Update, 12:20 p.m.: Via Twitter, Gonzalez has denied using performance enhancing drugs or meeting Biogenesis’ Anthony Bosch, whose notes the Miami New Times story was based on.

A new report from the Miami New Times links Nationals pitcher Gio Gonzalez, among other star baseball players, with a clinic accused of selling performance enhancing drugs.

According to the paper, Gonzalez appears repeatedly on customer records from Miami’s Biogenesis “anti-aging” clinic, which reportedly supplied to performance-enhancing drugs to players like Alex Rodriguez of the New York Yankees. One entry in a customer notebook purports that Gonzalez received an injection of a drug called Aminorip:

There’s also the curious case of Gio Gonzalez, the 27-year-old, Hialeah-native, left-handed hurler who won 21 games last year for the Washington Nationals. Gonzalez’s name appears five times in Bosch’s notebooks, including a specific note in the 2012 book reading, “Order 1.c.1 with Zinc/MIC/… and Aminorip. For Gio and charge $1,000.” (Aminorip is a muscle-building protein.)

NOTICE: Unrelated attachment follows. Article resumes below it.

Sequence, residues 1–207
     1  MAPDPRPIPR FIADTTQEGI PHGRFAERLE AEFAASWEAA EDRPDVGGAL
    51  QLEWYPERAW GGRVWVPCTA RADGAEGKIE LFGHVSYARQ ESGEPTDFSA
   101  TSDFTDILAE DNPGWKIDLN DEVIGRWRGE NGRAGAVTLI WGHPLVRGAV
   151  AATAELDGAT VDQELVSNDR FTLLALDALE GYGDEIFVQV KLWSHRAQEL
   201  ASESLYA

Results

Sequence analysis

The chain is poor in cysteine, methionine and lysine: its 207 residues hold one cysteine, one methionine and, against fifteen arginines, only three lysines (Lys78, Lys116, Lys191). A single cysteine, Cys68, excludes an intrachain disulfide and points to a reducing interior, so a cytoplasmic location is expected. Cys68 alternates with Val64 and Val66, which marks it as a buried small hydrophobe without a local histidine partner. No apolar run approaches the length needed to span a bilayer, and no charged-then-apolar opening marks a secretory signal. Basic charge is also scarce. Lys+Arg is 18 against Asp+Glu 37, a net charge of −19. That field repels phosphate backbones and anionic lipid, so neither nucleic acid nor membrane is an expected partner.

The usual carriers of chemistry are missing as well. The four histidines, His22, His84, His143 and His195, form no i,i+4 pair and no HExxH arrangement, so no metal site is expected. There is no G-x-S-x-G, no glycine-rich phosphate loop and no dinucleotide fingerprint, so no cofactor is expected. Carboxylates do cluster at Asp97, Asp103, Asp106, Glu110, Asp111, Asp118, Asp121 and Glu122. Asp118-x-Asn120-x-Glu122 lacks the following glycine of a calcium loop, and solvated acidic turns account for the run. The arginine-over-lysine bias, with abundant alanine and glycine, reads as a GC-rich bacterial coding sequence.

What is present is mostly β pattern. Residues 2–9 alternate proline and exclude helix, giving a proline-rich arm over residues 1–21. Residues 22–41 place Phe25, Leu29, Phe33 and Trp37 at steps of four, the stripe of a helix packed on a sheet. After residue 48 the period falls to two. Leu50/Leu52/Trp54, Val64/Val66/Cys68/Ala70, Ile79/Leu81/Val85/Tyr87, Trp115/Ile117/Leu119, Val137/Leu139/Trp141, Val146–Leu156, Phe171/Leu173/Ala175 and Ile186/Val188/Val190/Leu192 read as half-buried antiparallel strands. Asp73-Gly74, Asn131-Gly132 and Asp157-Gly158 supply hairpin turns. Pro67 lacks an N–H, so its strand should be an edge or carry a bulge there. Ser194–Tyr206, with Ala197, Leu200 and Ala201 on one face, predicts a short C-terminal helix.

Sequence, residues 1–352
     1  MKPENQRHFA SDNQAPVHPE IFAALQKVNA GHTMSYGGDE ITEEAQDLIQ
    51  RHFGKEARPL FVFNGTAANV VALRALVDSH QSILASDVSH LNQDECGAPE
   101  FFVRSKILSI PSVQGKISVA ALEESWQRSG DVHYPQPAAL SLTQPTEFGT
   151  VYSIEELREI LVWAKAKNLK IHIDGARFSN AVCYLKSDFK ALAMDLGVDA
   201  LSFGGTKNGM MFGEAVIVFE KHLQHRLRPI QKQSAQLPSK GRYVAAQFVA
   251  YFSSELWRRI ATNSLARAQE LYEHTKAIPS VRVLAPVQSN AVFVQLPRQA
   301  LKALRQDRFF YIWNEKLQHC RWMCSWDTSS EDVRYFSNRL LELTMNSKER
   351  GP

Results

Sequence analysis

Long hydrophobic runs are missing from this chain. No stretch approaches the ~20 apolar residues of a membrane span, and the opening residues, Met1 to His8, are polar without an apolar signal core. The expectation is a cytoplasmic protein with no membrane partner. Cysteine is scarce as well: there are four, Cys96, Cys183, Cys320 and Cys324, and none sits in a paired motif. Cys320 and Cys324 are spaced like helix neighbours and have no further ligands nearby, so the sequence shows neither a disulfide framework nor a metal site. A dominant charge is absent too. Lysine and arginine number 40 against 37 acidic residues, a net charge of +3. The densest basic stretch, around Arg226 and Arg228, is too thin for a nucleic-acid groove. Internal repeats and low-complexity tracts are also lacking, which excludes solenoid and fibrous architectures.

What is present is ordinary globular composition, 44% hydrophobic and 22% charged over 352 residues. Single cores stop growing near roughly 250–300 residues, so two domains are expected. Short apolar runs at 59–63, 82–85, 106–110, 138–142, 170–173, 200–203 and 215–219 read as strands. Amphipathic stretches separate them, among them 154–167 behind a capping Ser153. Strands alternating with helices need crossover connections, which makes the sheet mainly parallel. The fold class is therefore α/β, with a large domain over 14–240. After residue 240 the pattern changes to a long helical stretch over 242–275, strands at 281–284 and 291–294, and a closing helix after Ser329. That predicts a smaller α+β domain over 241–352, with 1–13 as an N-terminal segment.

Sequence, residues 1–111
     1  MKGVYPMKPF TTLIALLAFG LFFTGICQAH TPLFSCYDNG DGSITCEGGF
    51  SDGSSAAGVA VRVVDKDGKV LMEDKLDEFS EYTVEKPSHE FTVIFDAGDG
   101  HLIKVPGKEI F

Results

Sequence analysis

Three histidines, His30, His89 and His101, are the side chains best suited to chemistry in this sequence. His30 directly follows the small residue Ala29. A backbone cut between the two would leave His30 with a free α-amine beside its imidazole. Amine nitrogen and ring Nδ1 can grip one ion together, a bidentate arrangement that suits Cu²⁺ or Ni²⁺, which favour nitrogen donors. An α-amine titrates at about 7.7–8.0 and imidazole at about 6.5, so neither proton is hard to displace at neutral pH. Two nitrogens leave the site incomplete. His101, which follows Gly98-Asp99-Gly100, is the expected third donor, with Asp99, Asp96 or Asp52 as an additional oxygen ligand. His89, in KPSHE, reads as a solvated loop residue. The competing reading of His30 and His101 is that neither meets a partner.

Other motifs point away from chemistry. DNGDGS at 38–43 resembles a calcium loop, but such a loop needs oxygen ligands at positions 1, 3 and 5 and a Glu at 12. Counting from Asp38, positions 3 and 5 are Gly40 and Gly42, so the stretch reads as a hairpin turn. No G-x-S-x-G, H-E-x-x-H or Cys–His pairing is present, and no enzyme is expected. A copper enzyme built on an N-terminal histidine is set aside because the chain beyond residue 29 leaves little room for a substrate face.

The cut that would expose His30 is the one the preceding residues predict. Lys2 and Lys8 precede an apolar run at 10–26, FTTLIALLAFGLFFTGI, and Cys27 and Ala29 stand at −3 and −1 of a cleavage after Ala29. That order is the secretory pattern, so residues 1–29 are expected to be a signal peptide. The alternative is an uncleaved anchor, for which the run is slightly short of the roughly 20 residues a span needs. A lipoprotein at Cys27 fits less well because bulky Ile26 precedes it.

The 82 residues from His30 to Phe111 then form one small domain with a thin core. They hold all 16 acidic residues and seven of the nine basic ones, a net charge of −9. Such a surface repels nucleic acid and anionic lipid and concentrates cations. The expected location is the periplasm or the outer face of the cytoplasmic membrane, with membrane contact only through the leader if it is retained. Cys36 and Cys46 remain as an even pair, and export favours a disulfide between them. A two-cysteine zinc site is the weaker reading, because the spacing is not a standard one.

This might not be a problem for Gonzalez, with several Nationals observers noting that Aminorip is not forbidden under MLB rules.

Gonzalez’s father, who went to Biogenesis himself, insisted that his son had never been treated there:

“My son works very, very hard, and he’s as clean as apple pie,” the elder Gonzalez says. “I went to Tony because I needed to lose weight. A friend recommended him, and he did great work for me. But that’s it. He never met my son. Never. And if I knew he was doing these things with steroids, do you think I’d be dumb enough to go there?”

Gonzalez didn’t respond to a New Times request for comment.

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